Advice on how not to spend it is most notably expressed via the cult of extreme frugality – the ingenious ‘life hacks’ of the internet’s thriftiest underground communities. This is often accompanied by sound principles for both saving and investing, and often opens up important opportunities for examination, e.g. proving you can live just as well on less money makes it much easier to quit a crappy job.
However, as long as the focus remains on the frugality, it’s tackling – often in a painful ‘sacrificing’ way – the symptom, rather than the cause. The only sustainable answer is to do something about the self-deceptive wiring that screwed everything up in the first place, and will continue to do so the second the sacrifices prove too painful. Frugality still focuses on the arbitrary number of a price tag as an indication of the role something plays in a life.
Living within one’s means is an almost certain side-effect of buying what you want, not what you’re addicted to. Penny-pinching is putting the proverbial plaster on a broken leg. And extravagance is the tip of the iceberg of poor life choices. The real danger comes from the unthinking, addictive roots of all financial decision-making, the results of which aren’t always as obviously seen as supercars, square-footage, and seven-course tasting menus.
No diet – in the sense that most people understand the concept, i.e. as a temporary prescription akin to a course of antibiotics – ever works. No diet based on denial can ever work. If you believe yourself to be a person with a sweet tooth, or who is hard-wired to like cake, crisps, and cola, no amount of denying yourself these things, however steadfastly you do it, will change these unhelpful – and unnecessarily true – stories that you are telling yourself about who you are and how you react to certain stimuli. If you continue believing that you are a person for whom the appeasement of such addictions is a reward, or a ‘treat’, rather than the satisfaction of a fix in the same way a smoker needs nicotine or a junkie needs heroin, then you will always be short-changing your body’s desire for health.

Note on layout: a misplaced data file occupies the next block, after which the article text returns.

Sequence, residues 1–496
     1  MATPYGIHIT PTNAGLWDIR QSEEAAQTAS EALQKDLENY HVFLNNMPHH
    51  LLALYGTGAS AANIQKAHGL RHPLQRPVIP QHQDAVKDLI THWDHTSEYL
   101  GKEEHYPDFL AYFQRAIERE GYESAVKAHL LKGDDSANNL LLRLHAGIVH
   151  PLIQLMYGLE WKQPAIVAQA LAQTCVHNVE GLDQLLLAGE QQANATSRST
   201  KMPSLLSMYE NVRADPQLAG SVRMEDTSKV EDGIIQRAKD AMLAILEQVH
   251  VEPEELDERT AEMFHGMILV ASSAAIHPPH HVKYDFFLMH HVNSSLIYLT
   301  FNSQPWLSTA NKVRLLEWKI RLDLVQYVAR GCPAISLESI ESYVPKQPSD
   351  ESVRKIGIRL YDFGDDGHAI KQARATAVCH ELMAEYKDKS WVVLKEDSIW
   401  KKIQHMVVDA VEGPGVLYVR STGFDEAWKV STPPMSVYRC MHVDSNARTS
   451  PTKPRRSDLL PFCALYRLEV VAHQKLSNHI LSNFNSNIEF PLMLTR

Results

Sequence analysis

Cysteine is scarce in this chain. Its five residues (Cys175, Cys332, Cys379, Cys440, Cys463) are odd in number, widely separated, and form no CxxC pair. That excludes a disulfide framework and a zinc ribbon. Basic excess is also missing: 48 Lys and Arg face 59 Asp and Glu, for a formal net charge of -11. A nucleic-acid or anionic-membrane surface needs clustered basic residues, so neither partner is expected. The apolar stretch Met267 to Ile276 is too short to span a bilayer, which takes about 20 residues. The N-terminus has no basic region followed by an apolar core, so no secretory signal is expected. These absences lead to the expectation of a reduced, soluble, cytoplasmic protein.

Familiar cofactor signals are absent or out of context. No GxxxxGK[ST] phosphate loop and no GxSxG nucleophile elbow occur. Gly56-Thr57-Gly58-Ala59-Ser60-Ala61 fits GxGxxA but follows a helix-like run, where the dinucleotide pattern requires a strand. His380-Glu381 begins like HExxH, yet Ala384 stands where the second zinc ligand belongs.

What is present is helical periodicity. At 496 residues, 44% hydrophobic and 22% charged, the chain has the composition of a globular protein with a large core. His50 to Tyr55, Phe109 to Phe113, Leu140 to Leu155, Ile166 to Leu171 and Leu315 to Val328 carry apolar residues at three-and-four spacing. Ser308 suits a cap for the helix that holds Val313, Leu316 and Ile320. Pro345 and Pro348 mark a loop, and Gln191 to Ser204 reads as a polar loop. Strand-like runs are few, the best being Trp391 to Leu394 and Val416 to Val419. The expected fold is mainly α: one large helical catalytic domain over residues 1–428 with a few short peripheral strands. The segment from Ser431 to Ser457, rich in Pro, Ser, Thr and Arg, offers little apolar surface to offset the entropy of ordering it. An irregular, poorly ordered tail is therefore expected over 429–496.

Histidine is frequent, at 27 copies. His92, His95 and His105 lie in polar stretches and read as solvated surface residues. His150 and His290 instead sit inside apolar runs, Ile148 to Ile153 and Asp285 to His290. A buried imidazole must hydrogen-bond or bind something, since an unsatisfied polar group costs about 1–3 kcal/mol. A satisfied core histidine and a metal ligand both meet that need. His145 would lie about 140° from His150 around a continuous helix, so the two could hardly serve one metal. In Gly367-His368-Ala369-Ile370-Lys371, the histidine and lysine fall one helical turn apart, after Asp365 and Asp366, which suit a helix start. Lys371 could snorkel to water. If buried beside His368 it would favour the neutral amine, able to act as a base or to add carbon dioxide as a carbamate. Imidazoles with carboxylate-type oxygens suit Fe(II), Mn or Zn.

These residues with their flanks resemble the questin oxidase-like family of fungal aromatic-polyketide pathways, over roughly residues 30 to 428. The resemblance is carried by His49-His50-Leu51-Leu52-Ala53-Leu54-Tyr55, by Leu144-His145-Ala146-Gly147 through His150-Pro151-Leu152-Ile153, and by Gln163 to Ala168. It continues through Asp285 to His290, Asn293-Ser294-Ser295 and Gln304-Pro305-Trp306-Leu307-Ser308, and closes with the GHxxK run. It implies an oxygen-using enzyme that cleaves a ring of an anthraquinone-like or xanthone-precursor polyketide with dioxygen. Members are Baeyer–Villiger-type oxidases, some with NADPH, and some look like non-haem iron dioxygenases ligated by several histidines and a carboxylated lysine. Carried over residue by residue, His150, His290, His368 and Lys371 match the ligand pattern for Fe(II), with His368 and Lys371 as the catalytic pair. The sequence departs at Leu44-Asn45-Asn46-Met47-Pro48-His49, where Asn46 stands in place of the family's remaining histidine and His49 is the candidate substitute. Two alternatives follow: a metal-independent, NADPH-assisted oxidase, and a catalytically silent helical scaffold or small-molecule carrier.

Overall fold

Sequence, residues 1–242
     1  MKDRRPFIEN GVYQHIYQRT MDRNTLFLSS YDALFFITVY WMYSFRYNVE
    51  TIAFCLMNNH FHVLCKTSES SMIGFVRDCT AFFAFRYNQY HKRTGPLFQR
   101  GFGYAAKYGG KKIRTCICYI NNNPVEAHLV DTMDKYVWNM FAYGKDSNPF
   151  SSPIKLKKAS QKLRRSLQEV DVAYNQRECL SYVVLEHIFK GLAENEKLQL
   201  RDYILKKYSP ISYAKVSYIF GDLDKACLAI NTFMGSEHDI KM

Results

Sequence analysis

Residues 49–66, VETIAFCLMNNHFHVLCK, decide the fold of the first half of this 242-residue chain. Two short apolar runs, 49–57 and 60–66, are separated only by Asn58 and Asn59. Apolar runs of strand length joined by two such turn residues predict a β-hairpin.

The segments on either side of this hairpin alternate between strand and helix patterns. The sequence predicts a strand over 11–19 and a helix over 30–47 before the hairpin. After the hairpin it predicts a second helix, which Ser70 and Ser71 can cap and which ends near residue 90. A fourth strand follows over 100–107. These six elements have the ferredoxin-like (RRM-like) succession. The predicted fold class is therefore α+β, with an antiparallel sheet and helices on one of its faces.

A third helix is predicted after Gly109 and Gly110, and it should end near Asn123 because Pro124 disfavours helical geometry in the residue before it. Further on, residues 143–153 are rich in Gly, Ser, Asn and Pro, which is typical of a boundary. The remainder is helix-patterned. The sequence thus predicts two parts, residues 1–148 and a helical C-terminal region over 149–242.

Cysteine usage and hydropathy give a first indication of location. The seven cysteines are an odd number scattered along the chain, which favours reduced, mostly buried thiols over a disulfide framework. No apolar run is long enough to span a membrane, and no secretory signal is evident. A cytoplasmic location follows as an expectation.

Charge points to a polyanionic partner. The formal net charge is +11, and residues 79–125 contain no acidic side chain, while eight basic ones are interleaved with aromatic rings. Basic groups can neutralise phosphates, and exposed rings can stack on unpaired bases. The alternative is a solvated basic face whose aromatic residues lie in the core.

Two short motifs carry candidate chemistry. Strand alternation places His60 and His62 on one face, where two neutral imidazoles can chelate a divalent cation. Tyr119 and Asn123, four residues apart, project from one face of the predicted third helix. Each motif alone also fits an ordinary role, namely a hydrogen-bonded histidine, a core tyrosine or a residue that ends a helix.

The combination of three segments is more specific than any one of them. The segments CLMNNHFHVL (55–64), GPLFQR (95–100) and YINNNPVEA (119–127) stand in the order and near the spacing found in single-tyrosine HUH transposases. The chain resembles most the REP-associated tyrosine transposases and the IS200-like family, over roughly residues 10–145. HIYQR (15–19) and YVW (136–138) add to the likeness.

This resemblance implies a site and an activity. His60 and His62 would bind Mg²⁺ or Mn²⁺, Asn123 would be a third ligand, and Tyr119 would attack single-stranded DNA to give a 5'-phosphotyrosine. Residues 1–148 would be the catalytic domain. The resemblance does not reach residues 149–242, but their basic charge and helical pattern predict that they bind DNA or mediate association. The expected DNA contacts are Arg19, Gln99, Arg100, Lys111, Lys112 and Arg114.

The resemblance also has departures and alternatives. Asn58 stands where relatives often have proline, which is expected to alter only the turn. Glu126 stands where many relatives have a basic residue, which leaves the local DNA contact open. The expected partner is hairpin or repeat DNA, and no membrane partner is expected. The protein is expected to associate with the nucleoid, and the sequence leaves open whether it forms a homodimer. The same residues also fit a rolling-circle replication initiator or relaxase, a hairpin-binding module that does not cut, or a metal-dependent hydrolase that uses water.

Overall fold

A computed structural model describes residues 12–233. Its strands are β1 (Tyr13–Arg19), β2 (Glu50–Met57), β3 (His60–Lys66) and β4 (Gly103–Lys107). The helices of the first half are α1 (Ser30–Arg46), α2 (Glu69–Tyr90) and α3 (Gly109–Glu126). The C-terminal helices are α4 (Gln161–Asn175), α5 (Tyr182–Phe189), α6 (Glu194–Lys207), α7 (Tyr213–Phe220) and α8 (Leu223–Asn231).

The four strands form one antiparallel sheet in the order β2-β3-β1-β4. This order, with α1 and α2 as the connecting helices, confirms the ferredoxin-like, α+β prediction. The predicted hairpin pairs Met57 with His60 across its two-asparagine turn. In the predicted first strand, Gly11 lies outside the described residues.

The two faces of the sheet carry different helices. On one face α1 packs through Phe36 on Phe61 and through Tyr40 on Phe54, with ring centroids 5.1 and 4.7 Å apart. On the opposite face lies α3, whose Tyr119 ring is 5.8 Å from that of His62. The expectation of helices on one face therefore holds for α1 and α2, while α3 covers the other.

The same applies to cutting your expenditure. If it’s equated with denial, it won’t work. You can’t win a battle that never ends. Because even if you can keep up the fight, you’re still exhausting your valuable energy in an unnecessary cause, and that is no sort of victory. A trim-looking credit-card statement, like a trim-looking stomach, can be a sign of success, or of failure. It is, as always, not about the numbers.
A trendy diet can work as a short-term reset, because of what it cuts out rather than what it adds in, and because it forces people to be more observant of ingredients lists. Advice to cut spending back to its bare minimum can work in a similar short-term way, because if you’re wasting money, then cutting spending on everything makes it highly likely you’ll cut the waste. Cutting all the way back before building back up is a great way to achieve clarity around your priorities. Forcing yourself to re-choose what to keep is more effective than idly choosing what to discard because it forces you to question the truth of stories about your preferences that have gone unchallenged for years, maybe decades.
It could well lead to automating savings behaviours, for example ensuring that full use is being made of things like employer pension contributions, which will have benefits long after the crash diet has ended. Short-term fixes work when what they fix is your capacity for linking your short-term actions to your long-term vision.